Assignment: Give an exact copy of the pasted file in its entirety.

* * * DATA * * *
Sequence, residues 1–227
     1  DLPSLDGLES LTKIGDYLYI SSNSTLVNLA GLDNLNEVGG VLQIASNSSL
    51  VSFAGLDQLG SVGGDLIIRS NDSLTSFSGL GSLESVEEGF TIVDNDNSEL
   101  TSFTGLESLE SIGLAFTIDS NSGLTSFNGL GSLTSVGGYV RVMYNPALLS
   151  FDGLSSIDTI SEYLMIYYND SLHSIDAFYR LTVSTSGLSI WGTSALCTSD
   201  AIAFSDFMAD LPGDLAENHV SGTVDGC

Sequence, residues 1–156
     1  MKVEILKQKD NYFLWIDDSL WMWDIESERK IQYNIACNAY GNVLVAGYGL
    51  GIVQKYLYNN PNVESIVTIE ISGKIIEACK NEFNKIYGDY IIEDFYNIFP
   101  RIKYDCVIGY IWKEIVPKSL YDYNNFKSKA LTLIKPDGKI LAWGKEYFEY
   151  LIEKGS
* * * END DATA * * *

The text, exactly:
Sequence, residues 1–227
     1  DLPSLDGLES LTKIGDYLYI SSNSTLVNLA GLDNLNEVGG VLQIASNSSL
    51  VSFAGLDQLG SVGGDLIIRS NDSLTSFSGL GSLESVEEGF TIVDNDNSEL
   101  TSFTGLESLE SIGLAFTIDS NSGLTSFNGL GSLTSVGGYV RVMYNPALLS
   151  FDGLSSIDTI SEYLMIYYND SLHSIDAFYR LTVSTSGLSI WGTSALCTSD
   201  AIAFSDFMAD LPGDLAENHV SGTVDGC

Sequence, residues 1–156
     1  MKVEILKQKD NYFLWIDDSL WMWDIESERK IQYNIACNAY GNVLVAGYGL
    51  GIVQKYLYNN PNVESIVTIE ISGKIIEACK NEFNKIYGDY IIEDFYNIFP
   101  RIKYDCVIGY IWKEIVPKSL YDYNNFKSKA LTLIKPDGKI LAWGKEYFEY
   151  LIEKGS